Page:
The Lavin Agency is a speakers bureau, based in New York City and Toronto. We exclusively represent leading thinkers, writers, and doers who inspire ideas and dialogue that make the world a better place.
“Every woman in this room is powerful and every man in this room is powerful too,” Jessica Jackley says in a keynote at the One Young World Summit 2012, “[and] we have to be careful because sometimes that power goes unused.” This is especially true, she says, if you don’t believe in yourself and don’t believe in the potential of others. As the co-founder of the micro-loaning website KIVA explains, you can have the best ideas and tools at your disposal—but none of that matters in you don’t believe that you have the potential to make a change.
“People matter,” says leadership speaker Bill Strickland in a recent keynote. “People are assets, not liabilities…[and] it is all in the way that you treat people that drives performance and drives behavior.”
Siddhartha Deb’s The Beautiful and the Damned: Life in the New India is an eye-opening look at 21st century India. In this talk he recently delivered in Pakistan, Deb shares his experiences researching the book, and explores the transformative power of participatory journalism.
As human rights speaker Kenji Yoshino argues in this moving keynote, minority groups living in the United States are being forced to “cover” a specific part of their personality in order to fit in and get ahead.
“We think about data as numbers,” big data speakerJer Thorp says. “What we don’t think about, really, is what those numbers represent.” Regardless of how meaningless, or how confusing, data may seem, Thorp presents a very human way of looking at our digital footprints. “These are not numbers,” he argues, “they are parts of our lives.”
In a recent keynote, Thorp, the Data Artist in Residence at The New York Times, explains that data and numbers are “recording our histories.” New technologies and digital devices have given us access to large quantities of data that, if we know how to analyze it, can tell us a great deal about who we are. Thorp is passionate about transforming this data into meaningful insights about society. Not only does he bring data to life on stage, he also combines art and science into beautiful big data installations. His “Cascade” project provides a stunning visual representation of the way we share information across social media. Further, the breakthrough software he created as part of the 9/11 memorial project was able to group victims by relationship—rather than arbitrarily organizing them in alphabetical order. His software-based work has been used across the world and his lectures humanize the influx of data that surrounds us every day to help us see the personal stories that exist within numbers.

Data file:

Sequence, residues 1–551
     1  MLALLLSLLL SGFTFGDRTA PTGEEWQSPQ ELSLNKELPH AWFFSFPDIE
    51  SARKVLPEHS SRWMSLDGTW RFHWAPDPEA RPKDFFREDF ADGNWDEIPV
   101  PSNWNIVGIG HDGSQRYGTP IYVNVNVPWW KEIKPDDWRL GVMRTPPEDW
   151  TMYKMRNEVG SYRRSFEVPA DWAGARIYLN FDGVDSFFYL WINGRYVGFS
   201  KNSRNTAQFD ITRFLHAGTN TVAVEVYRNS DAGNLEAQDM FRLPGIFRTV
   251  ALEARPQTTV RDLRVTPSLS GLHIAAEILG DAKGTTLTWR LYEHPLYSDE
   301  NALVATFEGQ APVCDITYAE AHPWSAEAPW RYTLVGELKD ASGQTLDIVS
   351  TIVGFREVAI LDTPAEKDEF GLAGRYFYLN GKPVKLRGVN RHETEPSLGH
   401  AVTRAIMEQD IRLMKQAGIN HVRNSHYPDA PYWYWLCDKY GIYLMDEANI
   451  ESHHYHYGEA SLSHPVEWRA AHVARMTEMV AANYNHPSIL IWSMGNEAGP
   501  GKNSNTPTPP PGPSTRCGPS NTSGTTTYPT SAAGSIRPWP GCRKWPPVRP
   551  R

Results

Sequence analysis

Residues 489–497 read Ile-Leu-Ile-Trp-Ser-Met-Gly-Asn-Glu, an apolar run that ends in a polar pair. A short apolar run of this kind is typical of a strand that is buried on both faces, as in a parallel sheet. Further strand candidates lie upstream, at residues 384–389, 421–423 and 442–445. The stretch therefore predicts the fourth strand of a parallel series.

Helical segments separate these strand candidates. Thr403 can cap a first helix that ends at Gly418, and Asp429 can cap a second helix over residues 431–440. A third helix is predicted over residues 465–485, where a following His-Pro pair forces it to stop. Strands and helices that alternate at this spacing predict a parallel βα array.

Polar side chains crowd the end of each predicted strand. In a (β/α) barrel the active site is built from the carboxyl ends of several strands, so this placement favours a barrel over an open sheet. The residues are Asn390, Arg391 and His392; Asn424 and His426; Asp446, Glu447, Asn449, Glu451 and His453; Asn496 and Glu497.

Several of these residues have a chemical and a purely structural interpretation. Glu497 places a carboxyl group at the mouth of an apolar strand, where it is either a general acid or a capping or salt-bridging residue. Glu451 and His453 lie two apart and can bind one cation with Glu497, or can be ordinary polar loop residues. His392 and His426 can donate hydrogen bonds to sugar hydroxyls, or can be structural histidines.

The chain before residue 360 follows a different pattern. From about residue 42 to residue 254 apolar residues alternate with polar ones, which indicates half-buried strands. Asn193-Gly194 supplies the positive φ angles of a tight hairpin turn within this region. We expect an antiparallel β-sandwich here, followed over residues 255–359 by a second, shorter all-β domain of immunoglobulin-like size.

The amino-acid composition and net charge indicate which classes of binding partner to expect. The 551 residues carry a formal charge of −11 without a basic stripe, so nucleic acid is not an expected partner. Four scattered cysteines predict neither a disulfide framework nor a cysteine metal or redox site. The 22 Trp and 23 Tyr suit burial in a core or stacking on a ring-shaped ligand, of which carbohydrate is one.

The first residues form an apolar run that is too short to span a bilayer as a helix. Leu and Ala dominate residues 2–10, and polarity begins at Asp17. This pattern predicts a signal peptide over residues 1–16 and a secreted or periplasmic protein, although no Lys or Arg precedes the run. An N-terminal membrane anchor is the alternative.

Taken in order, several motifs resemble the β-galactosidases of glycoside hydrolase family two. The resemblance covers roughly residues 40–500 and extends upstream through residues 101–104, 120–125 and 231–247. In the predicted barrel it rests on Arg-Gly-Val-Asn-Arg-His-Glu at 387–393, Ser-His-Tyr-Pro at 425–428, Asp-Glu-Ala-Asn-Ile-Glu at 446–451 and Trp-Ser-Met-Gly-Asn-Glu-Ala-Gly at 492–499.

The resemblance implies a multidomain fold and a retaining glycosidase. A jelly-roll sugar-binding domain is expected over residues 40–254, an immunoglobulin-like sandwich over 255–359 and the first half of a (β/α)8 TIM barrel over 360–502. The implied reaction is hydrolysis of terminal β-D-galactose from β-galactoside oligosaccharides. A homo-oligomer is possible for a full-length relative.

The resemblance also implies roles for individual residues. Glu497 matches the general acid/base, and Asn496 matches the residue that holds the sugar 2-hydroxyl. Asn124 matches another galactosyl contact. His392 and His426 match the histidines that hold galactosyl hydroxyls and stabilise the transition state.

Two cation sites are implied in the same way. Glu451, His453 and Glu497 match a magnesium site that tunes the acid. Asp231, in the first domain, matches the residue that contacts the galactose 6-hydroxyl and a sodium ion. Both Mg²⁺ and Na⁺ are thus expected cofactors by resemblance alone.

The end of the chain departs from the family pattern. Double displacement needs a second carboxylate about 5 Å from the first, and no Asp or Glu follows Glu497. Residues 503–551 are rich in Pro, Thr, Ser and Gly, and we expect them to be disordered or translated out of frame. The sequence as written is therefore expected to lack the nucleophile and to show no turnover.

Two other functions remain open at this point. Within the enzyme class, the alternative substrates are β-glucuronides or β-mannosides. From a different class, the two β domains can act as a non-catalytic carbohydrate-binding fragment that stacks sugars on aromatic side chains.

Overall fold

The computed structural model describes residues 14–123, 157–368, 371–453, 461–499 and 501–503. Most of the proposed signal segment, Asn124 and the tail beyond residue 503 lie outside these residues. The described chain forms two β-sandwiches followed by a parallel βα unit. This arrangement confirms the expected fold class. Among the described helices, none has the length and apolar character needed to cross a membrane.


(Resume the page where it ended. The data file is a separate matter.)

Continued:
Salman Rushdie explains why prose literature—more so than movies, television, and theater—has historically been, and continues to be, at the forefront of opposition to tyranny. Though literature can survive tyranny, the writers behind the ideas seldom do. The question becomes: how can imaginative artists continue to tell the stories of their time without being assaulted, jailed, or worse.